The insurance companies should educate the customers adequately on insurance fraud. This should be done before making sales of the policy to them. The company should also inform the customers of the severe penalties for committing the crime. When communicating such information to customers, the company should stress the consequences of attempting to or committing the crime. Besides, the company should also make it known to the customer that if they fall a victim, the information will also be circulated to other financial service providers. This can help discourage the fraudsters from taking policies with the company for the fear of being caught. Besides, it could indicate to the fraudsters that the company has put in place adequate measures and controls to identify the fraudsters (Tilman 2007).

Use of market and own intelligence

The company should make use of information on insurance fraud available in the market to identify the possibility of fraudulent activities before claims are made. This will help reduce the number of fraudulent claims. Thus, the insurance companies should work closely with federal bodies such as Insurance Fraud Bureau, the Insurance Fraud Investigators Group, and Serious Organizes Crime Agencies. The companies should also make use of their intelligence to help identify the fraudsters (Ford 2003).

References

Bourhis, R 2005, Insult to injury: insurance, fraud, and the big business of bad faith, Berret-Koehler Publishers, USA.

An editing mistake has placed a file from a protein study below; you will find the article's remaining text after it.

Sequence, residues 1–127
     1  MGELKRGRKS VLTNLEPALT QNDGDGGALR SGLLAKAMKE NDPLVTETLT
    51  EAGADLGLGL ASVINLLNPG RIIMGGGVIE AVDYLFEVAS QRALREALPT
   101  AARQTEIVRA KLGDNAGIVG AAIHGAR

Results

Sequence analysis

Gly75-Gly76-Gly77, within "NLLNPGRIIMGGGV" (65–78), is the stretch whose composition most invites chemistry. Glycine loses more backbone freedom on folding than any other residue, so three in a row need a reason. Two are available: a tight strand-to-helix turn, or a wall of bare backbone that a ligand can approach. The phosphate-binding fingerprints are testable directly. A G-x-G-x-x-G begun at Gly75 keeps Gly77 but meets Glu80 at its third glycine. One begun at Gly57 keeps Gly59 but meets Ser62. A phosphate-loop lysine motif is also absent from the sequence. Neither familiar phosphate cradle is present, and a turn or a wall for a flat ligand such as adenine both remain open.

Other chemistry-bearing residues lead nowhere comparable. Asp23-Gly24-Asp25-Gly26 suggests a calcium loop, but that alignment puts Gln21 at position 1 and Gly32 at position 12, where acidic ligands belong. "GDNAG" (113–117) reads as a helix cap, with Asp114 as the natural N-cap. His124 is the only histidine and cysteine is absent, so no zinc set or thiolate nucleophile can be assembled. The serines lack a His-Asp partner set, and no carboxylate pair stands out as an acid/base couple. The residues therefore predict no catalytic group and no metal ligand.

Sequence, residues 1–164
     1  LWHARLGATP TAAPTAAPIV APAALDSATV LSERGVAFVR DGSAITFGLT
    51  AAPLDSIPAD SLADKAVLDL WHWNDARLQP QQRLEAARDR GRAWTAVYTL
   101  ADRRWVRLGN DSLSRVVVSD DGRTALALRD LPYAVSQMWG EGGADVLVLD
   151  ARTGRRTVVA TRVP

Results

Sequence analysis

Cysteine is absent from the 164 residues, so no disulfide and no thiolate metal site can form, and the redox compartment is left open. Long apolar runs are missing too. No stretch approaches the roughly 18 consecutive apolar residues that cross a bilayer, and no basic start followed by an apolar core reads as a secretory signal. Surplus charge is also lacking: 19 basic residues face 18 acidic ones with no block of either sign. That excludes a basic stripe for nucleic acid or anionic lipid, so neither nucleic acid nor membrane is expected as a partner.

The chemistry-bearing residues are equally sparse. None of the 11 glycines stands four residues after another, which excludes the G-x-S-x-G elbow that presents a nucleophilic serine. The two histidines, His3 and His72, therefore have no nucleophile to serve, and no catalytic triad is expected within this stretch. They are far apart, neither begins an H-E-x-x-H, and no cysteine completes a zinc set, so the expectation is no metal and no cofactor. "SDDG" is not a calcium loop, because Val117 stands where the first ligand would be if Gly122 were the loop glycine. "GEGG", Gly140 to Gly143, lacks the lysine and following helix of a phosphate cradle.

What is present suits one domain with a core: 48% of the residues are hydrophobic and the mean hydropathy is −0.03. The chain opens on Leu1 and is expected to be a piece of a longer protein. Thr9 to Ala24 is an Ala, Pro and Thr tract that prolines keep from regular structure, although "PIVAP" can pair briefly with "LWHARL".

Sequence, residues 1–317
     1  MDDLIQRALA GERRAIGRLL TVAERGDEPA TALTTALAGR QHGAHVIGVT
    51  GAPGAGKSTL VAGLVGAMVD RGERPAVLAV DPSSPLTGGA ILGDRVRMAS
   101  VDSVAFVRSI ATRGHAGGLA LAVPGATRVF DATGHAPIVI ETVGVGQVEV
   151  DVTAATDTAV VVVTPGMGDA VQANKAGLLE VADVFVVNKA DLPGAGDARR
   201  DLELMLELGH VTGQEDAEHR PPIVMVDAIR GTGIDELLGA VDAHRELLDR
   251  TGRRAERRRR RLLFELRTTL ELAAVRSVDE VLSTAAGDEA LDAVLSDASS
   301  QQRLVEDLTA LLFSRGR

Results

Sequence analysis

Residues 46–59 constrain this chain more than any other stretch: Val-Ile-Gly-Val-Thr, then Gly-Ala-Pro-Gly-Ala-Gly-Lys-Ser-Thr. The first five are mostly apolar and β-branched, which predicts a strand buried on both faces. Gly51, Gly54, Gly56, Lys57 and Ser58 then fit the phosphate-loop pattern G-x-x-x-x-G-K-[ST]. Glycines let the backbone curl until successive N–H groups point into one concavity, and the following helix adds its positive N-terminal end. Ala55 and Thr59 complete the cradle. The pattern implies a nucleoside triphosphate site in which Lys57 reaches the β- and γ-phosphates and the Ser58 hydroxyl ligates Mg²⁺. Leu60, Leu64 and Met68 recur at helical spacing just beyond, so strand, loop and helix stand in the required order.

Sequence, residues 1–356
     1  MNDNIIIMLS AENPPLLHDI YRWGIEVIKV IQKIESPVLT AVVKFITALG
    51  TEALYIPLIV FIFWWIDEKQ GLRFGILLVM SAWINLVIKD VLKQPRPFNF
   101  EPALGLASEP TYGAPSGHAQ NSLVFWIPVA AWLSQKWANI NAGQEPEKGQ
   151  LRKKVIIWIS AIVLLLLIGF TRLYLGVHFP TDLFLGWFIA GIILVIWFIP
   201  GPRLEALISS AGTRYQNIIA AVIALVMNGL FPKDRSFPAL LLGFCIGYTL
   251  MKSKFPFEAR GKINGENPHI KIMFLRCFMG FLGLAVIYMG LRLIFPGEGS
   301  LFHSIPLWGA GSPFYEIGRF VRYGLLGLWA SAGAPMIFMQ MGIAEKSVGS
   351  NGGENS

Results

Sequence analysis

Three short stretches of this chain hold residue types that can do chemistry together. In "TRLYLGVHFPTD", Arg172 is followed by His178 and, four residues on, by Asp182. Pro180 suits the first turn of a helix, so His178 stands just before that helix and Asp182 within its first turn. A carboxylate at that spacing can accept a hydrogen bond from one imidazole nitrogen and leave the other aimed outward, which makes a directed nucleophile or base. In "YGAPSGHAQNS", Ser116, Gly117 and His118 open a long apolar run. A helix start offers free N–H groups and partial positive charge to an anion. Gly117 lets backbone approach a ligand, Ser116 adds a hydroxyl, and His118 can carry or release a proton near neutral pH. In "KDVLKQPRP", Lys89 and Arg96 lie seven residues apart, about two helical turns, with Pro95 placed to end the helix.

Boyd, P 2006, Identifying and reducing fraudulent third party tort claims against public, Transportation Research Board, USA.

California Department of Insurance 2013, What is insurance fraud. Web.

Coalition Against Insurance Fraud 2013, Impact of insurance fraud. Web.

Cornell University of Law School 2013, . Web.

Dempsey, J 2010, Introduction to private security, Cengage Learning, USA.

Ford, M 2003, Marine insurance fraud in international trade, Witherby, USA

Geary, E 2004, International marine insurance fraud and conspiracy, iUniverse, USA.

Insurance Fraud Bureau 2011, Helping reduce insurance fraud when a customer applies to products. Web.

International Monetary Fund 2012, Australia: insurance core principles—detailed assessment of observance, International Monetary Fund, USA.

Irish Insurance Federation 2013, Insurance fraud – a victimless crime. Web.

Jing, A 2008, Supervised and unsupervised PRIDIT for active insurance fraud detection, ProQuest, USA.

Skajaa, D 2004, Tackling insurance fraud: law and practice, LLP, USA.

Texas Department of Insurance 2009, Summary explanation of how insurance works. Web.

Tilman, R 2007, Global pirates: fraud in the offshore insurance industry, UPNE, USA.